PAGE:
2. Scale / Degree

a. resultatives

the cat licked the saucer clean.

b. comparatives

(not) as ... as
like
same / different
-er / more and less

c. superlative particles

-est, most and least
very

3. Qualification in the complex noun phrase. (Germanic language)

e.g. city planners (Eng.) v. stadtplaner (Ger.) v. urbanistes (Fr.)

4. Adjective endings

  • -ful / -less
  • -y
  • -ing / -ed (participles)
  • -like

III. Jongleurs / Junction words

Words that serve to connect ideas.

A. owners and classes (inside the NP)

1. of

2. 's

B. Coordinating Conjunctions

C. Subordinating conjunctions / Complementizers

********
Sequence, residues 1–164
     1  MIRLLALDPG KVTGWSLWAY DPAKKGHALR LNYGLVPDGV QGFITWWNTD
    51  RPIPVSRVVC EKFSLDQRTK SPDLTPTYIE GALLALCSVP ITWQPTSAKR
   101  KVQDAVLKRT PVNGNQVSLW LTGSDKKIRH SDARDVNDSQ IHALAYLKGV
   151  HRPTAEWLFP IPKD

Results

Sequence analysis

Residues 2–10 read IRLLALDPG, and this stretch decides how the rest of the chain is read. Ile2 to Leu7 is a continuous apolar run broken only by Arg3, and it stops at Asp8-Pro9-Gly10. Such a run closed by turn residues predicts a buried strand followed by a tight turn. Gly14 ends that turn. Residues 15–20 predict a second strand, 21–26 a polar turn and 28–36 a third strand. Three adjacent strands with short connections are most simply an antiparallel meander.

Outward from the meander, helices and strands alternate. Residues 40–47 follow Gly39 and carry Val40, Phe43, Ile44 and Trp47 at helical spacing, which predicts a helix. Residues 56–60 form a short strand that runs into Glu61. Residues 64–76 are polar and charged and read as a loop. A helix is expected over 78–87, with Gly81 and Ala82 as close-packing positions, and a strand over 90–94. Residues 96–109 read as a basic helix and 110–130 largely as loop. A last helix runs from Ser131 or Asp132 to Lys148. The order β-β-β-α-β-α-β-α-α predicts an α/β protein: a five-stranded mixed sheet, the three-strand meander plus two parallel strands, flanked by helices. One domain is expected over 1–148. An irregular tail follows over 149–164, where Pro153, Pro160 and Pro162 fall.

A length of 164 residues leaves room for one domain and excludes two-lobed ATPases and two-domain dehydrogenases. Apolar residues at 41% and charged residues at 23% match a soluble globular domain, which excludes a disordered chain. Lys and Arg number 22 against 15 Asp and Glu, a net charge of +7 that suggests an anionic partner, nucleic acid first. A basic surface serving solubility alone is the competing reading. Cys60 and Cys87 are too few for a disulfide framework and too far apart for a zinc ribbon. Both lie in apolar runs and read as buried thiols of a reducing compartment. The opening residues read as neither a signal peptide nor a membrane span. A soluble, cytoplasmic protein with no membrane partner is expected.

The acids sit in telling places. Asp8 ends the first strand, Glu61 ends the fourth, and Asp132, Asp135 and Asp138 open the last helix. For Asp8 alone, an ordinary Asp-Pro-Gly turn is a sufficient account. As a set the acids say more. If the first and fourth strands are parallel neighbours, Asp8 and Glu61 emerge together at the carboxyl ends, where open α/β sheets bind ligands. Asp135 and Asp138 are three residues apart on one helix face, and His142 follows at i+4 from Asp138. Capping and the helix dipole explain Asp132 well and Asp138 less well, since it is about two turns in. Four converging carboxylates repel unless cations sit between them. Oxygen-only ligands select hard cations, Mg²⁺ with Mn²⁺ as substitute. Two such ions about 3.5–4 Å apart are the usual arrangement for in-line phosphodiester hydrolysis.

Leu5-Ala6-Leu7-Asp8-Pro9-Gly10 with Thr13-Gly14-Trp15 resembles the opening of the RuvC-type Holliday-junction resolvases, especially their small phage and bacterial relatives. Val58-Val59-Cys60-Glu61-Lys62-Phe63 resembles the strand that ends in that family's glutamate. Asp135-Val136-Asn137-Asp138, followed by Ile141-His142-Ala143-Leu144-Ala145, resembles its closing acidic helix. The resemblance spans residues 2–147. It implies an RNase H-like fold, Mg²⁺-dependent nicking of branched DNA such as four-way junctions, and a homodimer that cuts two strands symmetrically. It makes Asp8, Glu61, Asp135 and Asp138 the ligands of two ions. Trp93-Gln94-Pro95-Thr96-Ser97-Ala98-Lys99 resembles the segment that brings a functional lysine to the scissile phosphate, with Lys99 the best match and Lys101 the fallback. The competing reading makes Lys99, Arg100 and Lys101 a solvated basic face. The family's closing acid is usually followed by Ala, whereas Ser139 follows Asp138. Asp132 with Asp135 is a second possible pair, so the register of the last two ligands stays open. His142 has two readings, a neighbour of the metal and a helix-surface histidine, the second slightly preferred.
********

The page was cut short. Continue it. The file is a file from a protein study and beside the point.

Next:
1. relative pronouns

introduce a content clause, which modifies or further determines a previously introduced noun or clause.

  • He wasn't aware that she would be waiting.

2. interrogative pronouns

  • She didn't know when he was arriving, so she couldn't figure out which gate to go to.

3. adverbial subordination

  • time clauses. (when, while, before, until) In Chaucer, there are many occurences of whan that, ere that, etc. At that time, adverbs preceded the complementizer that.
  • cause / consequence clauses. (because, for, so that, to, since)
  • concessive clauses. (while, although, even though, despite)

IV. Adverbs

A. -wise, -ly, direction, manner

B. negation

C. degree

D. focalizing

even, only, hardly,

E. aspectual / temporal

again, yet, still, already

F. situatives / deictics

Where does it stop in calling nouns adverbs? (now, today, yesterday, Monday, last month, the year we bought the house) Cf. enough